LEMON: Just hours away, the highly anticipated meeting between Donald Trump and House Speaker Paul Ryan.
Back with me now Paul Manafor -- Manafort, the Trump's campaign convention manager. So, the question is he said he wasn't ready to support, the House Speaker said he wasn't ready to support Donald Trump. Although he said he was, you know, he was anticipating that. [22:20:00] And then Donald Trump tweeted out, you know, I'm not ready to support him as well. What are their policy differences, do you know three tof heir policy differences?
MANAFORT: I know the things that unite them. I mean, you know, Paul Ryan's five-point agenda for America has many of the points that Donald Trump has been raising on the campaign trail like dealing with the trade issues, dealing with the jobs, dealing with repealing ObamaCare, there are all things that unite them and not divide them.
LEMON: So then why not tweet that, because if you, doesn't it sound like sour grapes if he -- you don't know what divides them, but you know what unites them. It sounds like sour grapes, it's like, well, I'm not ready to support you either, even though you're saying that they...
MANAFORT: Both of them have said in the last 24 hours that they are looking forward to this meeting, both of them said that they feel as much that unites them and both of them recognize the importance of this meeting to the lead the party in the general election.
LEMON: And he has promised to be more presidential once he made it to the general. I mean, he is in, he is the presumptive nominee, right?
So, my question is, he said his tone will change. I'm going to be more presidential and he says I'm going to be so boring that you can't stand me. But just on the last couple of days on Twitter he's called Elizabeth Ryan Goofy, he's called Hillary Clinton crooked, he's called Bernie Sanders crazy. I mean do you think that -- Elizabeth Warren, excuse me crasy -- goofy, and then Hillary Clinton crooked, and Bernie Sanders is crazy. Do you think that's presidential?
MANAFORT: Donald Trump is never going to be boring.
LEMON: But is he ever going to be presidential?
MANAFORT: He is presidential, and in 10 million people voting in the primaries said that they saw him as presidential, and I think that you're going to see as the campaign progresses with the millions more voters that he is going to be getting to the side that people think that he is someone who can be president, and then proud to be president.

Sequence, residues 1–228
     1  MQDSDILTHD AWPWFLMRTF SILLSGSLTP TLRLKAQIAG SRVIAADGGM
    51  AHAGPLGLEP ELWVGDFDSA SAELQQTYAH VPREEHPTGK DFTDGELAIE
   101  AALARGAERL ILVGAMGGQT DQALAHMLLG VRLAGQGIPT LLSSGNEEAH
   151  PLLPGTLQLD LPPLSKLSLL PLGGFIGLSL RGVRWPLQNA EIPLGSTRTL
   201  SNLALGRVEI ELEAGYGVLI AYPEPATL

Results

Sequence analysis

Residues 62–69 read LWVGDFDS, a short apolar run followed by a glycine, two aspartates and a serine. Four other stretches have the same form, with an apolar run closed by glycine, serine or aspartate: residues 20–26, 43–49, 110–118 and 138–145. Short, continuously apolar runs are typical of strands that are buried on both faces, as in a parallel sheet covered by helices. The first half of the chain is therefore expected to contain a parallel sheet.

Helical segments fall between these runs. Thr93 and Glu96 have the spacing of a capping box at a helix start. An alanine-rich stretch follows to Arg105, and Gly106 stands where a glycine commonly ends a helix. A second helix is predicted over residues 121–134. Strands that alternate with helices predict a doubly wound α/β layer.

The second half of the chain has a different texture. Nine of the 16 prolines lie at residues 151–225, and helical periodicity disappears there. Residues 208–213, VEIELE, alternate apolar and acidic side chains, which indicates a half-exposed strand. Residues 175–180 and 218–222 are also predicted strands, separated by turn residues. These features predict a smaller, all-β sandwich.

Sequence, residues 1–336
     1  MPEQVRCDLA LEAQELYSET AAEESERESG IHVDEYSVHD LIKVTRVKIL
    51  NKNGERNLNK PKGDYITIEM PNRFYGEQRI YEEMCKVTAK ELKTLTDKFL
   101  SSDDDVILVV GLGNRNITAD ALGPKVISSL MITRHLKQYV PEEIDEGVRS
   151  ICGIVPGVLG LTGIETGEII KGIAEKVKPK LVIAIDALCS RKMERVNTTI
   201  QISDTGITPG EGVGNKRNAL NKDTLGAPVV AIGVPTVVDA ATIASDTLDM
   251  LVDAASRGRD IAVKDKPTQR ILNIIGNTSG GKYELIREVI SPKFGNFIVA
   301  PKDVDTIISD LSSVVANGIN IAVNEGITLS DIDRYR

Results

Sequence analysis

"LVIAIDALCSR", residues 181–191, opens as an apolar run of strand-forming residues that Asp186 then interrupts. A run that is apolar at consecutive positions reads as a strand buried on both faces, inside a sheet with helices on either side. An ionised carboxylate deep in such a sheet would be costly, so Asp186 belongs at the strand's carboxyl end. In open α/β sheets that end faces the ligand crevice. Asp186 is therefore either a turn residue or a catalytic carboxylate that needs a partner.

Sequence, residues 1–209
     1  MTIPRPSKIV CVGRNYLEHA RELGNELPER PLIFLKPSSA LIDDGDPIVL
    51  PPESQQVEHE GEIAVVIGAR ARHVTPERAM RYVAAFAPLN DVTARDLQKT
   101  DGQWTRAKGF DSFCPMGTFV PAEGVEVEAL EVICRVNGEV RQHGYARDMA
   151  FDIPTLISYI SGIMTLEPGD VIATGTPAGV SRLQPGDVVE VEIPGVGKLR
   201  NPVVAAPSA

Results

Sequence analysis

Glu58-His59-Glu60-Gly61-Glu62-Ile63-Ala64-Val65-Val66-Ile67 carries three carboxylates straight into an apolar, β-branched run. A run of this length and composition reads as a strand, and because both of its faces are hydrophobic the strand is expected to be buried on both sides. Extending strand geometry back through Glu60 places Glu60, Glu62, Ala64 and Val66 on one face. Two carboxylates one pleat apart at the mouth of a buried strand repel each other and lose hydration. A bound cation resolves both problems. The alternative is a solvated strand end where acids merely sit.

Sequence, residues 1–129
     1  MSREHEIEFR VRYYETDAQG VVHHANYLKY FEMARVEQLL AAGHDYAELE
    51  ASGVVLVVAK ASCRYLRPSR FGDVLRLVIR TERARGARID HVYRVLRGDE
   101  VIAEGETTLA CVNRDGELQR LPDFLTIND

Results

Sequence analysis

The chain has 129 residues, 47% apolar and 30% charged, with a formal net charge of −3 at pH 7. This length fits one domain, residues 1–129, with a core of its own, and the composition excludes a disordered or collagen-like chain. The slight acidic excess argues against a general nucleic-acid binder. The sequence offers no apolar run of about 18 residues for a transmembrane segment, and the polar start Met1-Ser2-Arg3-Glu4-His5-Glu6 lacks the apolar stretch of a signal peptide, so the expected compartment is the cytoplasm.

LEMON: You have a lifetime of experience when it comes to politics, and we were talking about working with someone like Donald Trump, and working with this campaign, have you seen -- what is this like for you?
MANAFORT: This is unique.
LEMON: How so?
MANAFORT: He is an incredible candidate. And his personality is just gigantic, and he is very smart, he understands how to communicate things that people relate to, and he's got the courage not to let conventional wisdom of political correctness get in the way of his connections to the people. That is a very unique quality.
LEMON: But does he ever become frustrating to you does he ever not listen to you if you say, you know, don't call Elizabeth Warren or, you know Bernie Sanders crazy? Does he ever, does he take your suggestions, does he follow that?
MANAFORT: I mean, if he listens to my opinion, and he processes it, and you know, we've got a good, a good working relationship.
LEMON: OK. So, perfect person to ask, because you are the convention manager, and everybody is saying, that Cleveland is going to be oh, my gosh, I don't know what is going to happen in Cleveland. So, will there be, will this party be united by the time Cleveland happens? Is that what we're going to see? What are we going to see there?
MANAFORT: You're going to definitely see a united party, you're going to see a united party before Cleveland. You know, all of this communication, and conversation over the last month and a half of how Cleveland was going to be disaster and there is going to second ballots and third ballots, and now of that was ever really in the offing, and republicans didn't want to see that.